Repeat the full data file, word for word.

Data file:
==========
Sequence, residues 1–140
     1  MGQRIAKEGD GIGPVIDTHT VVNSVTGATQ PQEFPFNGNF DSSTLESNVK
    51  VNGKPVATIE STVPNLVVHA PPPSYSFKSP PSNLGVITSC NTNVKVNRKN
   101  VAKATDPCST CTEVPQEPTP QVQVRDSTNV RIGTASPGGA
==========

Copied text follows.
Sequence, residues 1–140
     1  MGQRIAKEGD GIGPVIDTHT VVNSVTGATQ PQEFPFNGNF DSSTLESNVK
    51  VNGKPVATIE STVPNLVVHA PPPSYSFKSP PSNLGVITSC NTNVKVNRKN
   101  VAKATDPCST CTEVPQEPTP QVQVRDSTNV RIGTASPGGA